MV Agusta starts production on special edition Rush 1000 dragster

Rocking up to a group ride on an MV Agusta has long been the kind of thing to raise eyebrows. An MV rider, eh? What are we looking at here, a dyed-in-the-wool old-school Agostini fan? A lover of fine Italian design? A fastidious bike-washer? You can be fairly sure you’re not looking at somebody frugal or practical or geared up for long distance; MV’s motorcycles are statement pieces. Strapping luggage on them would feel like filling a Gucci handbag up with undies and socks. These are purchases of passion, not pragmatism.

That’s the regular MVs, mind you, the almost affordable ones. If you’re the type that demands an extra dollop of special, MV has never been afraid to gild the hell out of a lily. Special editions pop up from this factory like whack-a-mole heads, each for a short time and solely for people willing to spend serious money on a motorcycle. Please ignore the fact that serious motorcycle money lines up pretty nicely with average new car money.

The Rush 1000 is such a special edition. It’s based on the Brutale 1000 RR, a four-cylinder, 998cc, 208-horsepower monster and a very pretty and expensive bike in its own right. The Rush keeps this monster engine in the same state of tune, as well as the same claimed top speed over 300 km/h (186 mph) if you can hang onto a naked bike in that kind of windblast. You can slap on an optional racing kit if you need four extra horsepower … Who are we kidding here? The chief value of the racing kit is that its titanium exhaust will make the bike louder, thus garnering you a little extra attention.

Dual side-exit exhaust is exlusive to the Rush 1000
Dual side-exit exhaust is exlusive to the Rush 1000

MV Agusta

Visually, the standout feature of the Rush 1000 is a carbon fiber aerodynamic cover on the right side of the rear wheel. MV says it’s inspired by technical solutions in drag racing, but its chief purpose here is to look cool, and it does.

Place this bike next to the Brutale 1000 RR, and you’ll also notice its relatively conservative-looking round headlight bucket, a much more classic kind of look than the Brutale’s futuristic, angel-eyed headlight unit. But within that round bucket sits what appears to be one of J.W. Speaker’s “adaptive matrix” headlights, which throw extra light around a corner as you lean into it. Honestly, when I played with one of those I found it a pretty neat aftermarket add-on, but for MV Agusta kind of money I’d have preferred to see a self-leveling projector beam on this thing.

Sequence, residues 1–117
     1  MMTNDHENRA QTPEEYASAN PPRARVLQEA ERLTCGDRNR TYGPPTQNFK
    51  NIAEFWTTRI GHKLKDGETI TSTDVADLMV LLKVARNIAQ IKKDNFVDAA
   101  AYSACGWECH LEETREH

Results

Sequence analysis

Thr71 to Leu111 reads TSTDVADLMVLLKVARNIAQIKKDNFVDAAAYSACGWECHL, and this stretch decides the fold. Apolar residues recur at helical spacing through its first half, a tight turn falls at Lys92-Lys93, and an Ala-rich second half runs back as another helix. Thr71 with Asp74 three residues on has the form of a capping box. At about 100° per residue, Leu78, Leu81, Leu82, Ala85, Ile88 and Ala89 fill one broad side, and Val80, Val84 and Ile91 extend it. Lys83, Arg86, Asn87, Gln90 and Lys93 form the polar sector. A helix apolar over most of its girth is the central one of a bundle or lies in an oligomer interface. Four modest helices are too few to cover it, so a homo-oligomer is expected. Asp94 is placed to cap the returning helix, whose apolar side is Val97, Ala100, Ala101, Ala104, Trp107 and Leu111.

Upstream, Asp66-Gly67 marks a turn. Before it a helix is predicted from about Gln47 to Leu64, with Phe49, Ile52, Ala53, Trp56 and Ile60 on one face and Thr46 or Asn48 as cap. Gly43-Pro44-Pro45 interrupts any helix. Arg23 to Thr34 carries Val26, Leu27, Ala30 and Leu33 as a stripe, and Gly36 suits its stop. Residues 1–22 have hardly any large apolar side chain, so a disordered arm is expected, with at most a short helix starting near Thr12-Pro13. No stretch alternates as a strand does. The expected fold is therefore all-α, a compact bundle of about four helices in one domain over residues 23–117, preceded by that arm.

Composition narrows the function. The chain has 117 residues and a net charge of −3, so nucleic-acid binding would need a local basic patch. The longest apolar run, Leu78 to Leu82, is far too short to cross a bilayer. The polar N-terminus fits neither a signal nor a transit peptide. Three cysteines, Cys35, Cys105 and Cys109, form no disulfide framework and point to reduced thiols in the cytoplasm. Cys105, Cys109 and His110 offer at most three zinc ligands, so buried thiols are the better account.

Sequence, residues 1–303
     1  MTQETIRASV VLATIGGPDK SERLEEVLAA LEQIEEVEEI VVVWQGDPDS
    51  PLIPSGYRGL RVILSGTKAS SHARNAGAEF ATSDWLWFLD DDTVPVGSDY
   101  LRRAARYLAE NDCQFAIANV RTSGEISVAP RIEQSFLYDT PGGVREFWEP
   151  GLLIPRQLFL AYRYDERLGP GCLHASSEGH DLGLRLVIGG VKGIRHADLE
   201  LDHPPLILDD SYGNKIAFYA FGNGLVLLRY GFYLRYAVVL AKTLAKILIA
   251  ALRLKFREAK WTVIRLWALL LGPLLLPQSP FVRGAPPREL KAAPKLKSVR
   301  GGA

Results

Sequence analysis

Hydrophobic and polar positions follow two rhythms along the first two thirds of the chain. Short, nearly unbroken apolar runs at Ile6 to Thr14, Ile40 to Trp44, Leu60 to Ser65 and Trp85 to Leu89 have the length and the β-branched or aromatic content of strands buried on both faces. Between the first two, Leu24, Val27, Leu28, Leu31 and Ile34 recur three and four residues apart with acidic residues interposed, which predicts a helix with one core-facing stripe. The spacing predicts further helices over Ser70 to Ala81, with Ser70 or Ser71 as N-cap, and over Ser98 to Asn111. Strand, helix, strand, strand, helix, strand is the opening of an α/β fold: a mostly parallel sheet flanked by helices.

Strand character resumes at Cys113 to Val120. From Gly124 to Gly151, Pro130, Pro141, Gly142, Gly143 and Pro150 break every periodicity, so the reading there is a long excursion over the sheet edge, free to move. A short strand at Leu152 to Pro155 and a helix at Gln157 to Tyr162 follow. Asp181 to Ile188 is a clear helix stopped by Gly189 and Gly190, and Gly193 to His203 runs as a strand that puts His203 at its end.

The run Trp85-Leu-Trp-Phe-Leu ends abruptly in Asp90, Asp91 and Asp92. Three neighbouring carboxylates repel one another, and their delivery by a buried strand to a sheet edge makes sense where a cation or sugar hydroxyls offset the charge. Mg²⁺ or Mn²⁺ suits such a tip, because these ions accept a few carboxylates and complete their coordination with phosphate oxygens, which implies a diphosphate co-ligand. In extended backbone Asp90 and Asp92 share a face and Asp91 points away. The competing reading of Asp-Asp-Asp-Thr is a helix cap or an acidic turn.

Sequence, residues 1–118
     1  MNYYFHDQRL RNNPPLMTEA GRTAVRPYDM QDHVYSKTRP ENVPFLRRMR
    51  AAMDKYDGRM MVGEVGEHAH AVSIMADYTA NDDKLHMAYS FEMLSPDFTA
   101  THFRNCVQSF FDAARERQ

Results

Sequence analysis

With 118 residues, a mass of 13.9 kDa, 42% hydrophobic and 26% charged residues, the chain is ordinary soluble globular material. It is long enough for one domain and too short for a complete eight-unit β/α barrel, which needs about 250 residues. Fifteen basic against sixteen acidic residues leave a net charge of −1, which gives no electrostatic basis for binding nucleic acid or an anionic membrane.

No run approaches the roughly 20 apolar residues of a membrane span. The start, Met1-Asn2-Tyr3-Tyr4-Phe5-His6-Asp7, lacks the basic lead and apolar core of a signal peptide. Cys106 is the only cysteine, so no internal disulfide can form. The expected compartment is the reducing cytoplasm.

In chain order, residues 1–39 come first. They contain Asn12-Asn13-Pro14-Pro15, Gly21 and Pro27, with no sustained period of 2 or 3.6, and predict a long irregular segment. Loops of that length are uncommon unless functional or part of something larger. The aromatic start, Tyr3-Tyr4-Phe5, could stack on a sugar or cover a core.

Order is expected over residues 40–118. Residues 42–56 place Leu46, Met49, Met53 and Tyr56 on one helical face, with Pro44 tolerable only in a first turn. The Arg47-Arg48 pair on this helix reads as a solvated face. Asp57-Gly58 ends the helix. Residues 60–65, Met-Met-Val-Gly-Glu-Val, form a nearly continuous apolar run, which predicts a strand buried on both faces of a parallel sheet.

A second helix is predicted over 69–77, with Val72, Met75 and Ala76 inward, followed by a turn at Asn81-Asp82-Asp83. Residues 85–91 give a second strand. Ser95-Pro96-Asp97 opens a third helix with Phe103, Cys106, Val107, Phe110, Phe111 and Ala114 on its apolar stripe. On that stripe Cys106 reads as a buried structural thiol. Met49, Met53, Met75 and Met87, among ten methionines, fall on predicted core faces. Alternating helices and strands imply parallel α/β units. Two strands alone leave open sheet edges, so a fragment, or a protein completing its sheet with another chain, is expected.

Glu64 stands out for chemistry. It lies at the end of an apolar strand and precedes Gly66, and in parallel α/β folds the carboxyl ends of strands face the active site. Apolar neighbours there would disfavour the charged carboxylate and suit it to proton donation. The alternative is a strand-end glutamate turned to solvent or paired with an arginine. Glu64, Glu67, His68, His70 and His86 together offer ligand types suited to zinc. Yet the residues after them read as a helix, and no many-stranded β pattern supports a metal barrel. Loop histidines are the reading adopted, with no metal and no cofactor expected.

There’s also a spoked front wheel, if you can see it behind the giant brake discs, as well as an absolutely miniscule pillion seat that will push the patience of even the daintiest size six backsides. There’s a carbon cover if you wish to proclaim far and wide that you take no passengers, and … Well, honestly, the carbon undertail piece on this bike might just be the coolest detail of them all, so you might wish to spend more time lying on the ground behind the bike to enjoy it.

That has to be the sauciest undertail I've seen on a motorcycle. Pity you have to lie underneath the bike to enjoy it.
That has to be the sauciest undertail I’ve seen on a motorcycle. Pity you have to lie underneath the bike to enjoy it.

MV Agusta

All the basics are handled with flair; up/down quickshifting, traction control, wheelie control, 6-axis IMU, Brembo Stylema brakes, electronic Ohlins suspension and Bosch 9 plus race ABS.

With Italy beginning to open up a little after a horrific experience with COVID-19, MV says it’s on track to begin production in June, with bikes beginning to reach pre-order customers by the end of the month.

Price-wise, you’re looking at €34,000, which equates to a little over US$37,000. That makes this bike €4,010 more special than the Brutale 1000 RR, and €8,990 less special than the Brutale 1000 Serie Oro, not to mention vastly more special than anything I’ve ever ponied up for out of my own wallet. It sure is pretty.

Source: MV Agusta

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